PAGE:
Friday, July 19, 2013

Senate Finance Committee Mulls Executive Compensation Changes

In late May, the Senate Finance Committee released its seventh paper in a series discussing ways on which it might consider reforming the existing Tax Code. Earlier this week, I discussed some of the possibilities in the retirement arena; today, I explore executive compensation.

For years, the intermingling of executive compensation and the Tax Code was a pretty simple consideration. Companies paid their executives a lot of money (but nowhere near as much as they do today). Essentially, executives paid taxes on compensation when it was constructively received and companies got deductions at the same time.

Each time that there was an abuse or perceived abuse, Congress saw fit to fix it through changes to the Internal Revenue Code. Rather than solving a problem, they often created a newer and bigger one. Congress sought to control the amounts that executives are paid by creating the $1 million pay cap under Code Section 162(m). I wrote about this problem back in 2011. Then, there were the Enron and Worldcom debacles and Congress presented us with Code Section 409A as part of a jobs bill of all things.

In any event, here are the proposals that the Finance Committee "may wish to consider" as it moves forward with all deliberate speed.

  1. Revise the limits on the deductibility of executive compensation.
    1. Repeal 162(m). In my opinion, repealing the limit would allow companies to pay executives more directly and would probably meaningfully decrease executive compensation.
    2. Expand the 162(m) group. This, again in my opinion, would serve to increase the number of people for whom large companies would try to get overly creative and overpay their top employees, especially on the sales side.
    3. Apply 162(m) to all equity compensation as well. 
    4. Change the 162(m) limit to 25 times the compensation of the lowest-paid employee in the company. This would cause companies to eliminate lower-paying jobs. I see no benefit to this proposal.
  2. Revise the rules related to nonqualified deferred compensation (NQDC). 
    1. Modify or repeal Code Section 409A.
      1. Repeal 409A and replace it with Treasury authority to promulgate rules that tax NQDC when it is constructively received. Didn't we used to have these rules?
      2. Repeal 409A for private companies. 409A was put in to stop a run on the bank like the one that occurred in the Enron debacle. Private companies truly are a different situation.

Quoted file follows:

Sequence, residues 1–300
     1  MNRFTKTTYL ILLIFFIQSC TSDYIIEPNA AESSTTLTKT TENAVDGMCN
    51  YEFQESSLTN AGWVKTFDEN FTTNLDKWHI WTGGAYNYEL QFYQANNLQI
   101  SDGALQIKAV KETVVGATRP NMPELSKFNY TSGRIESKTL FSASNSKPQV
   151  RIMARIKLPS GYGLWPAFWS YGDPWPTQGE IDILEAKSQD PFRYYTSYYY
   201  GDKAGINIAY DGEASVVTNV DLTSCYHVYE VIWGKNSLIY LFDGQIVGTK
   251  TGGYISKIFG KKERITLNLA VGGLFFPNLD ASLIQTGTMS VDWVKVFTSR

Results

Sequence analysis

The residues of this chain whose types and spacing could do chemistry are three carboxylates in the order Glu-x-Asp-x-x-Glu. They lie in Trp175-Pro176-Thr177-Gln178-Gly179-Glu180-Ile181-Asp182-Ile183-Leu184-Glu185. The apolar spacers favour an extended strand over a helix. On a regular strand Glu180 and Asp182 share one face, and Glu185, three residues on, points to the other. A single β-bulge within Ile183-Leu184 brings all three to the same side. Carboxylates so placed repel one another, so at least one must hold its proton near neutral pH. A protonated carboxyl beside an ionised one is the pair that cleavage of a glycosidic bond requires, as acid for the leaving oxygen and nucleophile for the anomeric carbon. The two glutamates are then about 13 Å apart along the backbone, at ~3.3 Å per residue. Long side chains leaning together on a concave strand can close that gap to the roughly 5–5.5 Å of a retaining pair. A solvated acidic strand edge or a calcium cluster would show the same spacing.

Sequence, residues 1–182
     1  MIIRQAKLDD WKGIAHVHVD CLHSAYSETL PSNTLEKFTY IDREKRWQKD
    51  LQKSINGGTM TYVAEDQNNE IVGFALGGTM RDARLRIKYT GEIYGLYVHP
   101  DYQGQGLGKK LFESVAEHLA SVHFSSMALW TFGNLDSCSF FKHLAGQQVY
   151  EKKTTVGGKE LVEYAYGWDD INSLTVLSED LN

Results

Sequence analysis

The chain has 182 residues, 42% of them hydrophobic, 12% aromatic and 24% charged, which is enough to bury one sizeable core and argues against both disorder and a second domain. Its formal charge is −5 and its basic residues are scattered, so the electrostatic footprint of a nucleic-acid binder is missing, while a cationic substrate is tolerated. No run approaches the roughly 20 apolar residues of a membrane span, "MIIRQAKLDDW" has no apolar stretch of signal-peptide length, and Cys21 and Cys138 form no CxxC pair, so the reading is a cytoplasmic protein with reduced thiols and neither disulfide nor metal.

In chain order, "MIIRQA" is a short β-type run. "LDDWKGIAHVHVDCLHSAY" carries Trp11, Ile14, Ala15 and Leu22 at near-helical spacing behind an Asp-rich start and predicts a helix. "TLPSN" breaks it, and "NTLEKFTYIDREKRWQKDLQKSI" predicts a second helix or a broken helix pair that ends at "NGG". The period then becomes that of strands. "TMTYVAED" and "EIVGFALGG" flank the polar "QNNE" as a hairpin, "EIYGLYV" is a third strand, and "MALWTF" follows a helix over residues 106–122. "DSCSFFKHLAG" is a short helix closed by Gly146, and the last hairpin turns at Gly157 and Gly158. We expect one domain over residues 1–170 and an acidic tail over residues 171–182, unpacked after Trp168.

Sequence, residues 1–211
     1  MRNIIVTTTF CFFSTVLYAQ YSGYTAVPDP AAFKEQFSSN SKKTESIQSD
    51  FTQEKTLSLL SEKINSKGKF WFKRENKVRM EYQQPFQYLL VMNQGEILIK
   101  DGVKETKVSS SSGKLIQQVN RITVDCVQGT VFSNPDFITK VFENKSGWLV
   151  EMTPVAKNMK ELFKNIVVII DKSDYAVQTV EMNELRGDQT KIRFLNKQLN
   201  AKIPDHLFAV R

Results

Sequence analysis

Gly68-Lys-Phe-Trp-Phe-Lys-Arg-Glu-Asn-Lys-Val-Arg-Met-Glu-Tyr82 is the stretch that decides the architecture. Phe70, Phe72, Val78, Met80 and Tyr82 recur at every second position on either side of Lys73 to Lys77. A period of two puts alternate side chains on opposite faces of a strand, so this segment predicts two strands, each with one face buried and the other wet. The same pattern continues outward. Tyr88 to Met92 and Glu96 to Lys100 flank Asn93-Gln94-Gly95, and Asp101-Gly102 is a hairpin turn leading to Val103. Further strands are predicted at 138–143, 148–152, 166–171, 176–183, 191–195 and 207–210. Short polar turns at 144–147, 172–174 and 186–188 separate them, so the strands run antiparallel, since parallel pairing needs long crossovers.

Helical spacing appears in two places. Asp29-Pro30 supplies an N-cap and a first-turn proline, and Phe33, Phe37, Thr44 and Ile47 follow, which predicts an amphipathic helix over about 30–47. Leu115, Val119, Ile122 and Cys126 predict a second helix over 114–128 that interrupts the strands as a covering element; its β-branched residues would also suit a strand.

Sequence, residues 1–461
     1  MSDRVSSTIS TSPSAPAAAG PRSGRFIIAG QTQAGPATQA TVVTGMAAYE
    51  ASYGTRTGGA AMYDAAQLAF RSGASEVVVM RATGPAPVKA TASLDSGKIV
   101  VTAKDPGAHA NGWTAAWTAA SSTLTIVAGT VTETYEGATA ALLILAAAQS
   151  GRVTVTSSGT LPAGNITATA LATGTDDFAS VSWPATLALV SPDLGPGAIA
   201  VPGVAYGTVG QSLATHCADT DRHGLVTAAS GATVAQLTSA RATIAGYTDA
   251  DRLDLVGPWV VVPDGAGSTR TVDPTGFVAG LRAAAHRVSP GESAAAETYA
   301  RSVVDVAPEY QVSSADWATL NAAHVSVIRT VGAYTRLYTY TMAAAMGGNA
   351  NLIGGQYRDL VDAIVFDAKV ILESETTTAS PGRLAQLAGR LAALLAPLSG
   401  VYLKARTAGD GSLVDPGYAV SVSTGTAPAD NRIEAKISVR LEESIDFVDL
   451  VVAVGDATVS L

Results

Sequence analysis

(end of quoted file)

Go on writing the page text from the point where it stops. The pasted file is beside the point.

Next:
3. Repeal the 20% penalty tax under 409A. Hmm! If you take the penalty out of a tax penalty, then you lose its teeth. Either repeal the section or keep it, but don't have it there with no teeth.
    2. Repeal NQDC. That is, tax service providers on compensation in the year that it is earned rather than allowing deferral.
      1. As an alternative, tax the employer currently on the buildup in deferred compensation.
      2. Allow either the company or the executive to pay that tax in the item immediately above.
  3. Revise the rules related to equity compensation.
    1. Repeal incentive (at the money) stock options. Since ISOs get special tax treatment, repealing them would remove the incentive for grantees of such options to hold the shares once they exercise their options.
    2. Modify deductibility of stock options.
      1. Limit the deduction to the amount recorded on the company's books when the options are granted.
      2. Deduct the stock option cost in the year that it is expenses.
  4. Revise golden parachute rules.
    1. Essentially repeal the excise taxes and the limitation on employer's deductions. This sounds like the pre-1984 rules.
This is certainly an interesting combination of proposals. I feel sure that even the least observant among my readers can work out which proposal came from Democrats and which from Republicans. Note that not a single one of the proposals talks about repealing Title IX of Dodd-Frank. Alas.

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